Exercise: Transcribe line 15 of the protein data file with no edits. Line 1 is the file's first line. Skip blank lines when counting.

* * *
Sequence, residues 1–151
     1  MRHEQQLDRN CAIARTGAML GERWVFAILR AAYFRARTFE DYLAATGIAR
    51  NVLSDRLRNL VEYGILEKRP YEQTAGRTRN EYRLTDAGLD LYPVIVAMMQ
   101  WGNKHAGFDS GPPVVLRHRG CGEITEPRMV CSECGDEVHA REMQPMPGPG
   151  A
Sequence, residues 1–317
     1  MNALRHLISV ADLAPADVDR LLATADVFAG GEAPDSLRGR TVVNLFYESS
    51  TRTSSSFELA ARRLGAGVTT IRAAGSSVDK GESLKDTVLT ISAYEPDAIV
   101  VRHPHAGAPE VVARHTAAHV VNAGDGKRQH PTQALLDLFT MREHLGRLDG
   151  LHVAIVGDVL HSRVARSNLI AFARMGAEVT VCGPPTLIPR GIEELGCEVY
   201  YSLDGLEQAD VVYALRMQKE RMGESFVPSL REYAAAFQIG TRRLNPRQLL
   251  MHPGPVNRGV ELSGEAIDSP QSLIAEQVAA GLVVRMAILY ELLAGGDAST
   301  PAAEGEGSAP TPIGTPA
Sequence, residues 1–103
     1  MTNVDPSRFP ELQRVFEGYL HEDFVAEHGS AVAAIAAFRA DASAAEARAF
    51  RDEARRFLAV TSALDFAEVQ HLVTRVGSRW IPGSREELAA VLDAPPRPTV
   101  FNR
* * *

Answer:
     1  MTNVDPSRFP ELQRVFEGYL HEDFVAEHGS AVAAIAAFRA DASAAEARAF